Come and See


Copyright © 2014 Molly Sabourin

“Orthodoxy is Christianity understood as supreme Beauty.”

– Fr. Alexander Elchaninov

Copyright © 2014 Molly Sabourin


“The Psalms come to us as songs. What we believe is prayed in our hymnography. Our theology, iconographically speaking, appears in form and color. When trying to describe the beauty, joy, and simply the experience of being in God’s presence the Church invites us to utilize ways and language that encourage wonder, reflection, and a ‘growth in life, and faith, and spiritual understanding.'”

– Fr. John Shimchick

Copyright © 2014 Molly Sabourin






These are just some of the words I offer up when trying to fumble my way through a description of Orthodox Christian worship.

Copyright © 2014 Molly Sabourin

“Supremely Beautiful”

“Hard Work”


It brings you to the end of yourself, removing the buffer of distraction keeping you comfortably distant from thoughts of death, salvation and repentance. It digs down deep, ripping through your shallow desire for ease, convenience and entertainment (that part stings a little), and shakes awake your sleepy soul whilst watering your thirsty spirit.

Copyright © 2014 Molly Sabourin





“Doesn’t it ever get old?” someone once asked me, “Hearing the same services over and over again?”

The answer is “no.”

Seventeen years in, and I am moved by their transcendence and miraculous aliveness more than ever.

Look, that’s the best I can do. It can’t be summarized, only experienced.

What is Orthodoxy?

Come and see!


  1. Dear Molly,
    I read of your journey a couple of years ago as my husband and I began to seek ….to go and see.
    As I write this, we are ourselves preparing for chrismation on Pascha morning into a Western Rite
    Antiochian church here in Virginia. There are no words to describe all that we have witnessed and experienced at this beautiful, sweet little country parish in the piedmonts of VA. This parish worshipped at the back of an antique mall, had their first attempt at a church building burn down, started over and we had the humbling privilege of “work days” in anticipation of worshipping in the new building at the end of this past year. I will never forget all of us dirty, dusty and grungy, walking into the nave and having our first ever Vespers. There was so much to do but we were ready to begin worshipping. I have described it to friends and family members as “other worldly.” Just as you have done!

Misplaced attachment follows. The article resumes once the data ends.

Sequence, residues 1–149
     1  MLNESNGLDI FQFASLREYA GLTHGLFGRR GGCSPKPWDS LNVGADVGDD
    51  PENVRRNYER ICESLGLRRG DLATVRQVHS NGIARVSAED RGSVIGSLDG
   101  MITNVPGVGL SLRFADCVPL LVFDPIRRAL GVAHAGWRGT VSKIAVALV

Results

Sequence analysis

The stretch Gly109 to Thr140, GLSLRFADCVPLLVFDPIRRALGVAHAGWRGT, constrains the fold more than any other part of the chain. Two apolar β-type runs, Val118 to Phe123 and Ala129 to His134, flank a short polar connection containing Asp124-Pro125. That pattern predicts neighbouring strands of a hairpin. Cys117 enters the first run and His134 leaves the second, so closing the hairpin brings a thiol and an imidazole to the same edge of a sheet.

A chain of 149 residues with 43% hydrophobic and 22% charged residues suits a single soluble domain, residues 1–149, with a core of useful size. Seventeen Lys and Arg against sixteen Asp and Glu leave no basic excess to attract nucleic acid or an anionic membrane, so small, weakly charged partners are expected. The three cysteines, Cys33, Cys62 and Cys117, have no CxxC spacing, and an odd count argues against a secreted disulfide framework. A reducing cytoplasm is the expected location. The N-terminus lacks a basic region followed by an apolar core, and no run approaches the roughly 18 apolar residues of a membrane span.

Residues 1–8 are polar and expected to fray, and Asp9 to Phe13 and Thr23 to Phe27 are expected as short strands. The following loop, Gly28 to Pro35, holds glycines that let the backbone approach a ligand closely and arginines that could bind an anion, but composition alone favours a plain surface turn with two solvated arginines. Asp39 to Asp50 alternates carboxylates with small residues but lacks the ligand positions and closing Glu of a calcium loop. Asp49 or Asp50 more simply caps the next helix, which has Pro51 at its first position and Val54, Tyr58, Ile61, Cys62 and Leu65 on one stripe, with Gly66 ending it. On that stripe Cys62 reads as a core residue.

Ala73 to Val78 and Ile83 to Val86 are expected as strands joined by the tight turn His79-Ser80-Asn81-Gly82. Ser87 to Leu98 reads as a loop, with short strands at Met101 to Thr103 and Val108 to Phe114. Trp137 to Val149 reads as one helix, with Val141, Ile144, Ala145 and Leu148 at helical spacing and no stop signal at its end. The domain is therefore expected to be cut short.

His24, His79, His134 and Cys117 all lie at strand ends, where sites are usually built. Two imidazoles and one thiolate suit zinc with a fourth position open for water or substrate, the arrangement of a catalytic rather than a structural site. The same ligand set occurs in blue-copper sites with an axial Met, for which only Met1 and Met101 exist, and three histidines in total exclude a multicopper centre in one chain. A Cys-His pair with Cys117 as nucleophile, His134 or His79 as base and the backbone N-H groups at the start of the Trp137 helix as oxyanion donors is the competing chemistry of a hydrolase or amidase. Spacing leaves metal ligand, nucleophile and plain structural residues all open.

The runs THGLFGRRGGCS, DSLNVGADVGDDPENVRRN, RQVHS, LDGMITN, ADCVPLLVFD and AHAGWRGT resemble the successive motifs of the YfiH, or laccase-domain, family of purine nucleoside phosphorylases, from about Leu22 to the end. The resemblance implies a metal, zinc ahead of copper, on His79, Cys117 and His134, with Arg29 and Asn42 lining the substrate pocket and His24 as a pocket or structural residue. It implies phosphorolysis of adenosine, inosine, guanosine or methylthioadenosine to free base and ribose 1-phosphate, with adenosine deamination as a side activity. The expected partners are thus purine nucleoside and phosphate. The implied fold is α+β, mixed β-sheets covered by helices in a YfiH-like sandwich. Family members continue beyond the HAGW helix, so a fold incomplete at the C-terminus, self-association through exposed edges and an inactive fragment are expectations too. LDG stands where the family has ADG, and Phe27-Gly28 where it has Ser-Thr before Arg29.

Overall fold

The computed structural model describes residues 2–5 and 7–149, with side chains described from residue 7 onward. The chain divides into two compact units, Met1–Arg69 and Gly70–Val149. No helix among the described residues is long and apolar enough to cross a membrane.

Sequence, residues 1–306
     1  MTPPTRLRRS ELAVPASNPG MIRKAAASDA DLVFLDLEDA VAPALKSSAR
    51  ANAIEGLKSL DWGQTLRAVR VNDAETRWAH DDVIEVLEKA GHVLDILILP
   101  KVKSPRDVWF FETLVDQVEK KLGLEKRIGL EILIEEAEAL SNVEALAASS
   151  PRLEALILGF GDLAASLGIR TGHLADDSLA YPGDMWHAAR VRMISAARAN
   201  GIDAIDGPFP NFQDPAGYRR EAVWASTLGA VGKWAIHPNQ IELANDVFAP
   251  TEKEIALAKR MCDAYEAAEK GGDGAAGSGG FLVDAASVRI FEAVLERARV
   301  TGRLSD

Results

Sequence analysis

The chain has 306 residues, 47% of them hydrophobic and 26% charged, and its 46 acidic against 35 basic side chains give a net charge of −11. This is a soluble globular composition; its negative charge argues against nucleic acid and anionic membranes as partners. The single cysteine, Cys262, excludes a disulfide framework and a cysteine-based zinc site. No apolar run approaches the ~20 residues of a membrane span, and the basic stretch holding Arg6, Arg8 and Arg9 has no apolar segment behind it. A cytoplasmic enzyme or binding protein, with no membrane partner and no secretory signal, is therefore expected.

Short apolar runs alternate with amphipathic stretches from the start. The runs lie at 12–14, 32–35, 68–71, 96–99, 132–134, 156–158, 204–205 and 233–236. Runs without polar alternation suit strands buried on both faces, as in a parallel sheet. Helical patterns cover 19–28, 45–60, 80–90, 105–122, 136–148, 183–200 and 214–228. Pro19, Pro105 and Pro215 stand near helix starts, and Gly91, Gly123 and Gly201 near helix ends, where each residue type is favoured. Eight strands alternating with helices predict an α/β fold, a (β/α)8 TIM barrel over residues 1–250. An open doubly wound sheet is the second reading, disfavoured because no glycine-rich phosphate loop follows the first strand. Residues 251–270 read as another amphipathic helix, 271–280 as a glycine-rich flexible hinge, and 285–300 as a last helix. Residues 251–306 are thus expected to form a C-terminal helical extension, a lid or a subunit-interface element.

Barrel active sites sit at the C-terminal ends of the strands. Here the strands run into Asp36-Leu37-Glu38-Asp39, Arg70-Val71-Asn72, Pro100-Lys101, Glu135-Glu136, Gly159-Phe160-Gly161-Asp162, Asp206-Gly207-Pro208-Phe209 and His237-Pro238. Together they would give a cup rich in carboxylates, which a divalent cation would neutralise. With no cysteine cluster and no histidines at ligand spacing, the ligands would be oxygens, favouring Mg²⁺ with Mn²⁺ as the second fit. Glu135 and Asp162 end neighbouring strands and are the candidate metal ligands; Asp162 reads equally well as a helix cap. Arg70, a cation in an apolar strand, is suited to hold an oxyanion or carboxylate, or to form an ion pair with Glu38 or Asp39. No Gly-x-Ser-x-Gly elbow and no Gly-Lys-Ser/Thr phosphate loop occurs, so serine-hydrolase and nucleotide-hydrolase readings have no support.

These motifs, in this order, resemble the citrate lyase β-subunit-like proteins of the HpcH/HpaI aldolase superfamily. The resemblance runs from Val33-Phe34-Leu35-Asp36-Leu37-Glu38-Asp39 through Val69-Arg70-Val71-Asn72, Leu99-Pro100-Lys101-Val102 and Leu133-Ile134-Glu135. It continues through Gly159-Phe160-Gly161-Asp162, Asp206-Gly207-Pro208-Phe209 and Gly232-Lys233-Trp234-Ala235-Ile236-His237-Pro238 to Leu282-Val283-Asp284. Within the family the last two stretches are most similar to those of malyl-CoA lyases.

I lives have changed in such a short period of time, and this is only the beginning.
    I hope to meet you one day! Your sister in Christ,

    1. Greetings, Susan! Thank you for your comment! How beautiful and encouraging to read a bit about your spiritual journey. God bless your family and your parish as you continue to grow in faith! Peace and love to you!

  2. Yes to all of the descriptions. I am not Orthodox, though I long to be (my husband is not drawn as I am), and the opportunities when I can worship in our local Antiochian Orthodox Church are priceless to me.

  3. What a beautiful description of our faith and worship. I’ve pinned your post and will link to it this Saturday on my site in my “What I’m Reading This Week” post. I loved reading your book as it resonated with me on so many levels. Thank you for sharing your gifts.

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